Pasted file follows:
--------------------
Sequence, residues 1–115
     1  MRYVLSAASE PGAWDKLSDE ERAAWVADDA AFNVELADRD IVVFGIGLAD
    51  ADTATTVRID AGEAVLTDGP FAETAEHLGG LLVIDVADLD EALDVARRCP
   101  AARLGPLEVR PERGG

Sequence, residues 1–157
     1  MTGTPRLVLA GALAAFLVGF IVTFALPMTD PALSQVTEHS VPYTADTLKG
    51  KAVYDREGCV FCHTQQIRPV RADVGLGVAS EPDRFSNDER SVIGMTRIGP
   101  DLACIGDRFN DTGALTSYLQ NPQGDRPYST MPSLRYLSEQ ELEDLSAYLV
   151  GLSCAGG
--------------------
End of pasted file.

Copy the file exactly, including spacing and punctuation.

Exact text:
Sequence, residues 1–115
     1  MRYVLSAASE PGAWDKLSDE ERAAWVADDA AFNVELADRD IVVFGIGLAD
    51  ADTATTVRID AGEAVLTDGP FAETAEHLGG LLVIDVADLD EALDVARRCP
   101  AARLGPLEVR PERGG

Sequence, residues 1–157
     1  MTGTPRLVLA GALAAFLVGF IVTFALPMTD PALSQVTEHS VPYTADTLKG
    51  KAVYDREGCV FCHTQQIRPV RADVGLGVAS EPDRFSNDER SVIGMTRIGP
   101  DLACIGDRFN DTGALTSYLQ NPQGDRPYST MPSLRYLSEQ ELEDLSAYLV
   151  GLSCAGG